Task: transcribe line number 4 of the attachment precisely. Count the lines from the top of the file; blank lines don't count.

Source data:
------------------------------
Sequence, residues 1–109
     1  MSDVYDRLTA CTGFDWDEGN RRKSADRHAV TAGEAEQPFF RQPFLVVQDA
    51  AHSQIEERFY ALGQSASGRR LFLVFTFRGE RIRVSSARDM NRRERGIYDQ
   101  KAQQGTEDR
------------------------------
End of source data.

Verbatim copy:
   101  KAQQGTEDR